How much do you spend – in a day, week, and month? This is where to begin your savings journey. You’ve got to keep track of all your expenses. Outline them in categories, and get the total.
To get through this quickly, you may need to check-up your credit card or bank statements.
12. Spend within Budgets
Sit down, and take a look at your likely expenses in a month. By this, I mean the key things you need – groceries, food, transport, and the likes.
This will help you organize your expenses into a workable budget. It will outline how your costs measure up to your income—so you can plan your spending and limit overspending. Don’t forget to include regular needs, like car maintenance.
13. Assemble Your Tools
There are a few things to put in place to help you maintain alignment when saving.
For short-term goals, consider using savings deposit account, or fixed deposits for a specified period. For the long-term targets, FDIC-insured individual retirement accounts (IRAs), and securities, such as stocks or mutual funds are your best bets.
14. Use Coupons
This sounds simple, but coupons are one of the best ways to save money consistently.
Check online for coupons and shop the coupons with the sales to increase your savings. Think of buying that new $400 TV when it’s going at $50 off. Get some free voucher that’s usable at that restaurant, and for more things you like to do.
And again, sign up for newsletters and loyalty programs at your favorite stores to stay in the know on best deals. You can also take advantage of handy tools like The Coupons App, SnipSnap, Cartwheel, all of which help you find and save deals for various purposes.
15. Buy Online
E-commerce does more to get people to buy than your regular physical store. So, you have more chances of getting that smartphone you’ve always wanted and other things at a much lesser cost online. Check out stores that offer free shipping on orders to get the best deals.
16. Skip Paid Concerts
Your love for concerts may be the leaking hole in your purse. But a free show is a handy alternative for you. In many cities, free concerts happen quite frequently.
Over the summer, there are bulk of opportunities to do fun things at a reduced price. These include movies out on the lawn, free concerts, and festivals.
17. Avoid Health Complications
Much more than you expected, health complications could sap into your purse deep. So, put in the effort to maintain your health. Skip the junks, and get your fitness goals straight.
However, for emergencies, get yourself health insurance. This should cater for free annual physical checks. Then again, don’t nurture sickness. Taming a cold before it turns into pneumonia can save you money, and days off of work. So, don’t wait to visit a doctor.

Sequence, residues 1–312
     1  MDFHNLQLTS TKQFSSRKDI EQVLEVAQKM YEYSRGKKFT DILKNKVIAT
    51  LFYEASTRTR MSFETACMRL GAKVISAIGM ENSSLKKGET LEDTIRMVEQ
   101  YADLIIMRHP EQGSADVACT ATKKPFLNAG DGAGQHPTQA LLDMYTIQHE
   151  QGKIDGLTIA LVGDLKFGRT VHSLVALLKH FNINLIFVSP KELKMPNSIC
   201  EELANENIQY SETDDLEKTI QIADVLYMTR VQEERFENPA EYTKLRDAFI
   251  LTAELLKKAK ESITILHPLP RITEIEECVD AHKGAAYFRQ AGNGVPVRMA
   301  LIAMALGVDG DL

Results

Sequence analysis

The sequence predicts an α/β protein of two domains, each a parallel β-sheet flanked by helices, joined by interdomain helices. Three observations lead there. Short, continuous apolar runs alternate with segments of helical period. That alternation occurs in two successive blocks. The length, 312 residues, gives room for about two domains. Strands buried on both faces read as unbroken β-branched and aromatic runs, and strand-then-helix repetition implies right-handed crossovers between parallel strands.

18. Plan Your Meal
Before shopping for groceries at the weekend, get your plans in place of what goes for every meal. Make a list of what you need, and pick only just those.
Without a list, you could forget an essential ingredient for a meal, and you’ll end up eating at a restaurant or ordering a pizza rather than eating at home.
One thing is that meals cooked at home cost much less, but again, they are not as stuffed with fat and calories like dishes available at restaurants.
19. Dump the Gym
Exercising is vital to keep you fit, but that monthly subscription to the gym isn’t necessary. That’s especially true when you don’t have all the time in the world to visit most days of the week.
Instead, you can jog around the neighborhood, ride a bike, or follow the instructions on a workout video at home.
20. Avoid the Lottery
It’s easy to get tempted by news of people recouping millions from a single bet. But while there is a chance you could win, the possibility is much less than being struck by lightning or getting hit by an asteroid. What hope is in that?
Instead of spending your money on that, stash it in your savings or invest in a retirement account that may pay off one day.
Imagine investing just $20 a month every month over the next ten years at a 6.5% interest rate; you’ll end up with nearly $10,000 at the end of 20 years, and more than $45,000 at the end of 40 years.
Beyond all these tips on how to live cheaply, it takes deliberately planning your expenses and organizing your lifestyle to save. Get your budget straight, and run away from whatever escapes the circle of ‘need.’
So, before you leave for the store, or even off to work each day, be exact on the benchmark that determines what you must spend.
Let us in. What strategies have you adopted to up your saving game? What is your best tip on how to live cheap? Let us know in the comment section below.